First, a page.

miércoles, 26 de agosto de 2009

Polymyalgia Rheumatica

People with polymyalgia rheumatica, the synovial membranes and bursae, which line and lubricate the joints, become inflamed, causing pain and discomfort, no permanent damage to either the joints or the muscles is associated with polymyalgia rheumatica. Corticosteroids are generally used as first-line therapy. However, corticosteriod drugs are associated with significant side effects, including osteoporosis.

Nutritional therapy offers an important adjunct approach to polymyalgia rheumatica. Inflammation associated with the disease causes impairment of the adrenal hormone system, causing a deficiency in vital hormones that need to be replaced.

A significant number of people with polymyalgia rheumatica also suffer from a condition known as giant cell arteritis . Giant cell arteritis involves inflammation of the temporal artery . Aneurysms can form and, blindness is a possible consequence. Up to 75 percent of patients with giant cell arteritis may have aortitis

Diagnosis of Polymyalgia Rheumatica

Patients are usually more than 60 years old (Beers MH et al 2005). It is twice as common in women as in men

The main diagnostic criteria for polymyalgia rheumatica are hip and shoulder pain, For example, patients with polymyalgia rheumatica usually have an elevated erythrocyte sedimentation rate. C-reactive protein and IL-6 are also elevated in patients with polymyalgia rheumatica. These pro-inflammatory indicators, however, are elevated in response to inflammation anywhere in the body and cannot be used to definitely diagnose polymyalgia rheumatica.

Treatment with steroids usually begins promptly. Most patients respond very quickly to corticosteroids. In fact, if the symptoms don’t resolve rapidly, your physician may want to conduct additional tests to determine whether the diagnosis was correct.

Inflammation and the HPA Axis

Probably caused by an autoimmune reaction in which the body’s immune system is activated against itself . The inflammation that leads to symptoms, have a profound effect on the hypothalamic-pituitary-adrenal (HPA) axis, which is intimately involved in maintaining levels of vital hormones such as dehydroepiandrosterone (DHEA) and cortisol.

DHEA is a vital adrenal hormone that is converted into other hormones, including estrogen and testosterone. DHEA administered with glutamine and arginine allowed for lower dosages of prednisone (a corticosteroid) among women with polymyalgia rheumatica.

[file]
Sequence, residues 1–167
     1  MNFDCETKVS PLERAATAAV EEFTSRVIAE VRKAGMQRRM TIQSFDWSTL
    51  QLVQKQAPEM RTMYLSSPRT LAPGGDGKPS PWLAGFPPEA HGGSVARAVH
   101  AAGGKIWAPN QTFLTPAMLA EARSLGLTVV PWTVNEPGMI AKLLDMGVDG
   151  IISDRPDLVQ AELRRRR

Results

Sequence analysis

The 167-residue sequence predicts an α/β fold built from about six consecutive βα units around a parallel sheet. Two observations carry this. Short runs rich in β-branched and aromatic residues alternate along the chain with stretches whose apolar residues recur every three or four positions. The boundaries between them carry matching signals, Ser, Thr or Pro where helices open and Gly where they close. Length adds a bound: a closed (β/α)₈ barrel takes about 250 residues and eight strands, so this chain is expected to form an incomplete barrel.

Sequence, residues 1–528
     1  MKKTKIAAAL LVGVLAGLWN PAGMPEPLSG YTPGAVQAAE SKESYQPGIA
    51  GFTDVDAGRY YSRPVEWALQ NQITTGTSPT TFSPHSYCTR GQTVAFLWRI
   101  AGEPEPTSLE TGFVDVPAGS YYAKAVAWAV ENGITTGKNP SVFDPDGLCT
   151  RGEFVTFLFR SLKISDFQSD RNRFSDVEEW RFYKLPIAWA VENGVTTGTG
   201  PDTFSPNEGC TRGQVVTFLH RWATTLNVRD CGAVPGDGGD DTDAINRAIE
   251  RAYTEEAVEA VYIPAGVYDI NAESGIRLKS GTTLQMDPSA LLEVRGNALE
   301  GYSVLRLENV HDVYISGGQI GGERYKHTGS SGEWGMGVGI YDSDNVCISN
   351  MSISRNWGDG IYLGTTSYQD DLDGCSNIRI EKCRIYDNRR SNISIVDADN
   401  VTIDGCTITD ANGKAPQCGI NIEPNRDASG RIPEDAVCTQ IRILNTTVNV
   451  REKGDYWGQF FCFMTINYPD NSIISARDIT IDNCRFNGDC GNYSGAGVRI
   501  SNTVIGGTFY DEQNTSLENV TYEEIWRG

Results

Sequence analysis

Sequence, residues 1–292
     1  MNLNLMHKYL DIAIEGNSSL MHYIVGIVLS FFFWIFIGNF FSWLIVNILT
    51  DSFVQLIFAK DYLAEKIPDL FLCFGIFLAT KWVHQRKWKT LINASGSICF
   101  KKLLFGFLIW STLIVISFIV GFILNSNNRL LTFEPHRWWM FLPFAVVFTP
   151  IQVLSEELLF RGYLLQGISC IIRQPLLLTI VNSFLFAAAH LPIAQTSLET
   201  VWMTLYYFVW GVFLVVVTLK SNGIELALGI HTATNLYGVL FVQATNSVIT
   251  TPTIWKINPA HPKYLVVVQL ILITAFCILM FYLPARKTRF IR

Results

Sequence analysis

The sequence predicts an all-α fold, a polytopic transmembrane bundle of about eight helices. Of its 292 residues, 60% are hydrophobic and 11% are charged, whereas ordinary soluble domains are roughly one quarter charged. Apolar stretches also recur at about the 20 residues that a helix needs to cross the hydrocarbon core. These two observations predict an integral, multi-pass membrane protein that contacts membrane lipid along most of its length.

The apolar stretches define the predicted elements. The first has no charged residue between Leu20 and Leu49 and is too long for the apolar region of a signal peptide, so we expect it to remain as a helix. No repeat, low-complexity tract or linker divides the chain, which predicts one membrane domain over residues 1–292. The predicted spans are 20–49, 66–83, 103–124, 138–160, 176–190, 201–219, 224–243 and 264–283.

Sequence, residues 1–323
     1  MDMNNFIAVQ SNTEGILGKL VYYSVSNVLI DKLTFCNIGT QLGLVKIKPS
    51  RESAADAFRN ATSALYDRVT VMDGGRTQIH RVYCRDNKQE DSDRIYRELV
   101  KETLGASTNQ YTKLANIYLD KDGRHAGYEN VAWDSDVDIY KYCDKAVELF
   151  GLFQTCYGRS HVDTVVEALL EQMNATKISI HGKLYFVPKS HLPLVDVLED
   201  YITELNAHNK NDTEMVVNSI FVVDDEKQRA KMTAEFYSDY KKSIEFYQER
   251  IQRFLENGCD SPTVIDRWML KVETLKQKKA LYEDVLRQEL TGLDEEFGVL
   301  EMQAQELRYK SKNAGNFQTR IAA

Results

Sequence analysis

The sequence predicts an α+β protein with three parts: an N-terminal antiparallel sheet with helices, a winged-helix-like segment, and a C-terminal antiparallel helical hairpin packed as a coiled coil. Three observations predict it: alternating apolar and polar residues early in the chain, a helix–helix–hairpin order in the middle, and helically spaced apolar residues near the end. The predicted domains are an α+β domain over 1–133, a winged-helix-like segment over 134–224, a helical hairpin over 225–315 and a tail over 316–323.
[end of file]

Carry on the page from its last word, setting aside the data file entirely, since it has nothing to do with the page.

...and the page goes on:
Osteoporosis Prevention

Osteoporosis prevention and bone preservation are important facets of treatment for polymyalgia rheumatica. Both the disease itself and the corticosteroids used to treat it are known to increase bone loss . All patients, especially postmenopausal women, need to take calcium and vitamin D to avoid problems associated with osteoporosis (Barilla-LaBarca ML et al 2002). In some cases prescription medications are needed to reverse osteoporosis (Gerster JC et al 1998; Richy F et al 2005;

Calcium and vitamin D. Calcium is important to maintain adequate serum calcium so that bone demineralization can be prevented. Vitamin D or a vitamin D analog is necessary for the body to absorb and utilize calcium. Studies have shown that vitamin D analogs (alfacalcidol or calcitriol) are readily converted to active form in the body (Reginster JY et al 2005; Richy F et al 2005).

Bisphosphonates. Bisphosphonates are prescription drugs that slow the rate at which calcium is removed from the bones; they have been shown to increase bone mass and strength (Adachi JD et al 2000a,b).

Vitamin K. Vitamin K consists of vitamins K1 and K2; vitamin K3 is a synthetic form (Bern M 2004). Maintaining adequate vitamin K levels is crucial for bone mineralization, blood clotting, cell growth, and blood vessel health (Bern M 2004). Vitamin K1 (phylloquinone) has anti-inflammatory effects, while synthetic vitamin K3 does not (Eichbaum FW et al 1979).

Anticytokine Therapy

TNF-alpha (Tumor Necrosis Factor) levels are elevated in patients with polymyalgia rheumatica. This important inflammatory cytokine is at the start of the inflammatory cascade (Tortora GJ et al 2003). In mouse fibroblasts, TNF-alpha increases nuclear factor (NF)-kappa B in the cells, which in turn stimulates the production of IL-6 (interleukin-6) (Shibanuma M et al 1994). Thus, blocking TNF-alpha may help patients with polymyalgia rheumatica avoid or reduce corticosteroid use.